The Joint Board of Elections of the Virgin Islands voted Wednesday to include the 2014 primaries in its election process, but not without lengthy discussion on the Election System’s legal mandate as it relates to the conducting of the primary elections.
The issue was brought up most recently during the St. Croix district board meeting April 2, where no action was taken, and was taken up by the joint board again Wednesday.
At Wednesday’s meeting, St. Croix district board member Raymond Williams expressed uncertainty and suggested seeking legal guidance from Attorney General Vincent Frazer. Salisbury, however, said she believes it is a matter for the joint board and the legislature or a judge.
While some members insisted on just following what the law says, interpreting the law, specifically Title 18, Chapter 11, Section 232 of the V.I. Code, is not a simple matter, according to Board of Elections attorney Kimberly Salisbury. Sections relating to the conduct of the primaries are either vaguely written or contradict each other, said Salisbury.
“This language is extremely vague,” she said, adding that the purpose of the language was to request the parties pay for the primaries. “However, there are a dozen other sections on the code that very clearly seem to be saying the board is responsible for conducting the primary.”
Salisbury added that the code states “the board should submit a budget to fund the primary, which doesn’t make any sense if you’re not conducting the primary.”
“The code states the supervisor shall prepare all things necessary for the conduct of the primary,” Salisbury continued. “Does it mean fund it? Not necessarily. And you can go back and forth on this matter.”
Adding to the confusion was the fact that the Election System has been requesting funds for conducting the primaries, and the Legislature has been appropriating such funds for the last six election cycles, beginning in 2001.
Then, in spite of a 2012 law that required political parties to pay for primaries in addition to submitting primary plans, the St. Thomas-St. John District Board requested funds for the primaries. According to St. Thomas-St. John board member Arturo Watlington Jr., there is currently $350,000 in the miscellaneous section of the Fiscal Year 2014 budget appropriated for the primary elections.
Elections Supervisor Caroline Fawkes added that the Office of Management and Budget did inform her the Election System would have to fund the primaries, and that the allotment is forthcoming.
Williams made a motion for the board to “carry out the duties of conducting the elections of 2014 based on the funding from the Legislature,” seconded by Watlington.
St. Croix district board member Liliana Belardo-de O’Neal objected, saying the political parties “should fund their own primary based on the law.”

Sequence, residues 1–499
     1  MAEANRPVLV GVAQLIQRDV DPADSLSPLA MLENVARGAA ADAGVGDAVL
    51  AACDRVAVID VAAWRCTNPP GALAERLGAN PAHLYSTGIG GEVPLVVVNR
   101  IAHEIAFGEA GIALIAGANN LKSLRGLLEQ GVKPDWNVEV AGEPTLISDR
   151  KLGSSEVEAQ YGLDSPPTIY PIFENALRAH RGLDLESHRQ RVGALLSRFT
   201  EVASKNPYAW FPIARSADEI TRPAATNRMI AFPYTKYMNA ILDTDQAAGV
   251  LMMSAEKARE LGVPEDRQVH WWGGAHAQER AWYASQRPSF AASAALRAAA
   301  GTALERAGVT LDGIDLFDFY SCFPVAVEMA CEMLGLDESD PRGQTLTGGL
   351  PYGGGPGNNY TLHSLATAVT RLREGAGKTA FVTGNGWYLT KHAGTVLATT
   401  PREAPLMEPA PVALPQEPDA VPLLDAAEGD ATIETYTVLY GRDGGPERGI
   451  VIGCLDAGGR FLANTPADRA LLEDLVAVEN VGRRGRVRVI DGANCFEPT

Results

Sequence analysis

St. Thomas-St. John board member Wilma Marsh-Monsanto also objected, saying it is “grossly unfair to the people” to use public funds to fund the primaries in light of a gaping budget deficit.
The motion carried with a tight margin, with approving votes from members Watlington, Williams, Harry Daniels, Rupert Ross, Glen Webster and Joint Board Chairwoman Alecia Wells. Members Marsh-Monsanto, Belardo-de O’Neal, Lydia Hendricks, Roland Moolenar and Lisa Harris-Moorhead opposed.
Belardo-de O’Neal immediately made a motion, seconded by Moolenar, to adopt and certify the Republican Party’s plan to fund and run its own primary. She referenced a letter dated April 7 from John Canegata, state chairman of the V.I. Republican Party, addressed to Fawkes.
Williams objected, saying it was out of order for any party to proceed contrary to what the joint board had just voted on.
“The proposal does not do the things that the board would do,” said Williams. “If we’re hosting a primary, all parties are supposed to fall under that situation.”
Salisbury said that adopting the Republican plan would not be in the board’s best interests, citing “problems” within it that violate at least three sections of the code.
The motion died, with Daniel, Hendricks, Wells, Watlington, Moorhead, Ross and Williams opposing. Belardo-de O’Neal, Marsh-Monsanto, Moolenar and Webster voted in favor.
In other action, the joint board:
– voted to instruct the supervisor of Elections to identify funds and pay $54,514.88 in outstanding obligations for attorney Scott McChain, who served as legal counsel in 2012 election cycle. Daniel, Hendricks, Wells, Webster, Moorhead, Ross and Williams voted in favor, while Belardo -de O’Neal, Marsh-Monsanto and Moolenar voted no;
– voted to amend its present policy regarding faxed ballots to include consenting at least two board members to transcribe all facsimile ballots to an official ballot to be scanned;
– voted on the policy that after a voter’s third attempt at using the electronic voting machines, the voter would have to sign a written consent waiving his or her right to privacy in order to get assistance from an Election System poll worker through the election judge, as prescribed by law;
– and voted to reconvene 45 days from Wednesday’s meeting to further discuss policies for the 2014 elections.